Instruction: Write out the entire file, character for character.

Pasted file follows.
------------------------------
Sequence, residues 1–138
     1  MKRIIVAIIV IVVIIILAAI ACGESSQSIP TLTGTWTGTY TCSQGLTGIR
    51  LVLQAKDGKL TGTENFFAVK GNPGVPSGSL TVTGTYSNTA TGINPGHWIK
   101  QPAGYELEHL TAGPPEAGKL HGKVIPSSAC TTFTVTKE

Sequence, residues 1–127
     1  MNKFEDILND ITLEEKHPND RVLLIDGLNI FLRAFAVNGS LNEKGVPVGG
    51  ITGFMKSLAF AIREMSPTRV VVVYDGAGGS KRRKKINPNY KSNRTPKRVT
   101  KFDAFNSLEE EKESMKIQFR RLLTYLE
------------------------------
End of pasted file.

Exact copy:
Sequence, residues 1–138
     1  MKRIIVAIIV IVVIIILAAI ACGESSQSIP TLTGTWTGTY TCSQGLTGIR
    51  LVLQAKDGKL TGTENFFAVK GNPGVPSGSL TVTGTYSNTA TGINPGHWIK
   101  QPAGYELEHL TAGPPEAGKL HGKVIPSSAC TTFTVTKE

Sequence, residues 1–127
     1  MNKFEDILND ITLEEKHPND RVLLIDGLNI FLRAFAVNGS LNEKGVPVGG
    51  ITGFMKSLAF AIREMSPTRV VVVYDGAGGS KRRKKINPNY KSNRTPKRVT
   101  KFDAFNSLEE EKESMKIQFR RLLTYLE